A Blast From My Past

When I was in Junior High, I was that kid who was always trying to find ways to make money.  I had an expensive habit called video games, and if you think games are expensive now, you need to think about me paying $70 for a Super Nintendo game.  This was when the economy was good!

One of my schemes to make the almighty dollar was a group effort made possible by myself and a few really close friends who you may see poke their heads around at Just Chill Here (They don’t know this yet, so SHHHHH).  One of us had a dot matrix printer, one of us had the ability to draw well enough to sell things, and one of us had access to my school’s copying machines (Don’t you know the best entrepreneurs have ways to succeed, even if on the backs of others?).  One of us had a large collection of Sega games, which was nice, because most of us were Nintendo nerds.

Folks, I would like to introduce you to my first foray into magazine publishing.  I give you Power Source:

Professionally designed cover page!
Professionally designed cover page!

Excuse the blurriness of some of these photos because I just took shots with my iPhone 5.  I think they turned out well.  What you have here is the first page – the cover.  Notice that high def globe of Earth, an image for something to do with tips around the Earth?  Remember, this was created at the advent of the Internet, back when you had to hear the grinding noises of a 14.4 modem.  We were going places with this idea.  We covered every system, we had codes, tricks and tops ready to read about and I was tasked with writing a guide for Street Fighter Alpha.

We didn't play around with codes.
We didn’t play around with codes.
Yes, we even provided content for the Nintendo Entertainment System.  People were still playing it circa 1995.
Yes, we even provided content for the Nintendo Entertainment System. People were still playing it circa 1995.
We should be running rags like Game Informer, not the current lot of writers and efitors!
We should be running rags like Game Informer, not the current lot of writers and editors!
A sega 32x?  I knew one person with one of these and he was involved in this magazine.
A sega 32x? I knew one person with one of these and he was involved in this magazine.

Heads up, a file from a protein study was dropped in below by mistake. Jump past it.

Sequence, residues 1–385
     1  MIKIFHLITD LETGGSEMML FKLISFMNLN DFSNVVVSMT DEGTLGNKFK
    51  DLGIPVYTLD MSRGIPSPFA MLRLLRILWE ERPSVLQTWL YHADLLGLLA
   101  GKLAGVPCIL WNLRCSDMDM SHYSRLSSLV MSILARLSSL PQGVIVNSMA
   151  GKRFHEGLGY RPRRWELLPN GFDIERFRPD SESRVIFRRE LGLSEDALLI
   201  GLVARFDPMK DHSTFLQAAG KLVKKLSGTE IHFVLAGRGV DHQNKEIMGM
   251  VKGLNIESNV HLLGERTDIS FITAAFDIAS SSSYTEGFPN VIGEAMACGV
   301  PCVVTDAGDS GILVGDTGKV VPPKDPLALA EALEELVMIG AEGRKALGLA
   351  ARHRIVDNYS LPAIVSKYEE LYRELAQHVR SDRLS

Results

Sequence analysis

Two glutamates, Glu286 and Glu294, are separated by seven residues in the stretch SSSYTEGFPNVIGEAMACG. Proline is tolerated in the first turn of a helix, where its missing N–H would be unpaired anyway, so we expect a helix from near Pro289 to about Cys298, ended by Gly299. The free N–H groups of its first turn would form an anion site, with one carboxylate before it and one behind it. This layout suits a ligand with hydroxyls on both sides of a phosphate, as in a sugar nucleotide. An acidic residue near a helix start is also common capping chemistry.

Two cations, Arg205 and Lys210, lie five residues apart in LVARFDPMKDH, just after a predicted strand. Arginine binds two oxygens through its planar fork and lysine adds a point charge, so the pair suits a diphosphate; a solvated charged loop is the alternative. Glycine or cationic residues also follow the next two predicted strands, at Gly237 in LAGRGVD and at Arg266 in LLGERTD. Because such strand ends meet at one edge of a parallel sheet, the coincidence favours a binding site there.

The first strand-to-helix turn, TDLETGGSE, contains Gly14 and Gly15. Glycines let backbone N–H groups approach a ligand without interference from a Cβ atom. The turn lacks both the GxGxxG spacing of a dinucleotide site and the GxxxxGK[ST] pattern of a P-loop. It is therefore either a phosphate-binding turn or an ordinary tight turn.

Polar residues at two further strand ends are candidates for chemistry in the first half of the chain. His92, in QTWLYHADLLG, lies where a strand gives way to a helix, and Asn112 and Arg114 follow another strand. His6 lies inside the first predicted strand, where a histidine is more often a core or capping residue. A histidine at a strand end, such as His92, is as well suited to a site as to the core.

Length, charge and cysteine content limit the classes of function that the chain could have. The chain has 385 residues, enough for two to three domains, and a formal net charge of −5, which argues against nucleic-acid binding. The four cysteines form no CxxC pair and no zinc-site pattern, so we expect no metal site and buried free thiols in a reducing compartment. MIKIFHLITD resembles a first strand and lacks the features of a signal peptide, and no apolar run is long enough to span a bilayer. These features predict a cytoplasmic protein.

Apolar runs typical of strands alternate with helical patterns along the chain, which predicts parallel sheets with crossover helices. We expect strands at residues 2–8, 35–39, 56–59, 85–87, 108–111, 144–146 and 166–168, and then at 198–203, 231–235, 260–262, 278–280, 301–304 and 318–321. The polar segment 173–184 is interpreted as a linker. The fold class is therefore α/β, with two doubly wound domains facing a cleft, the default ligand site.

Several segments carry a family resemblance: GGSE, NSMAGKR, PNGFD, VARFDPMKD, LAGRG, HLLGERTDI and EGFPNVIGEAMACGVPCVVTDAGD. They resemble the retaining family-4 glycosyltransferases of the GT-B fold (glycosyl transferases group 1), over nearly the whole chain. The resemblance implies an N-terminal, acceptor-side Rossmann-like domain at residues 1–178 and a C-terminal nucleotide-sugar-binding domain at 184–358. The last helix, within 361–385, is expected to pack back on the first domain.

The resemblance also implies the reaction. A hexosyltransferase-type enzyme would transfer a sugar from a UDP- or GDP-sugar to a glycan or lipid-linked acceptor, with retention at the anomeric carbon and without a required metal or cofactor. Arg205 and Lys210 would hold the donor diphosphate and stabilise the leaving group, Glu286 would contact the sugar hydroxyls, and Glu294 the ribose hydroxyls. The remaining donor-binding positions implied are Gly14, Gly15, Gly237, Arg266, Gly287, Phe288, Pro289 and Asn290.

Everyone had a 3DO, right?  I knew people who bragged about having one, but upon visiting many of them, they had an SNES or a Genesis.
Everyone had a 3DO, right? I knew people who bragged about having one, but upon visiting many of them, they had an SNES or a Genesis.
PS07
That was half of my Street Fighter Alpha guide, followed by a completely unbiased review of Mortal Kombat Ultimate with a perfect 400. AAGGHH!!!!!!!!!!!!!!!!!!!!!!

Some folks would be embarrassed to share this bit of history with the world, but I am not.  See, this little venture in capitalism netted me and my friends each twenty bucks.  Just one issue.  We hustled our asses off.  I remember my mom even buying ONE copy, not 20.  Our head guy, however, eventually left us for a different school, and we had one more issue after he left which was all handwritten.  I have it too, but it’s in pretty bad shape and the cover is missing.

The reason I am sharing this is because it’s a source that proves I have been interested in writing since I was a young teenager.  I thought these were lost to time, but I came home from school one evening after work and there was a Wal-Mart bag hanging on my door handle.  I still don’t know who hung these here, but on the blank sides of each page of this magazine were hand drawn images of Vector Man, which tells me that a cousin that was involved with the magazine brought me his copy – or his mother did.

Regardless, this will never be lost now, because the Internet has it.  I would like to say that we were responsible for bringing video game culture into my community, because we were the only ones in my town who wrote and talked video games.  We spent hours in school drawing video game characters.  We wrote fan fiction when it was actually commendable and not creepy.  Hell, if we were girls, we would have been the first cosplay models.

We made money off of video games when video games were widely viewed as NERDS ONLY!  We may have been nerds, and we did get picked on a bit, but not too much.  We were not hiding anything about our interests.

We rocked.

Oh, and before you knock our product, we sold out.  We had enough paper for 70 copies and we sold every copy.  70 or so to students in my school.  There were 280 kids in that school at the time.  That’s a 25% market penetration.  There are major magazines out now that would kill for that kind of action!  Man I miss living with that kind of optimism.

 

 

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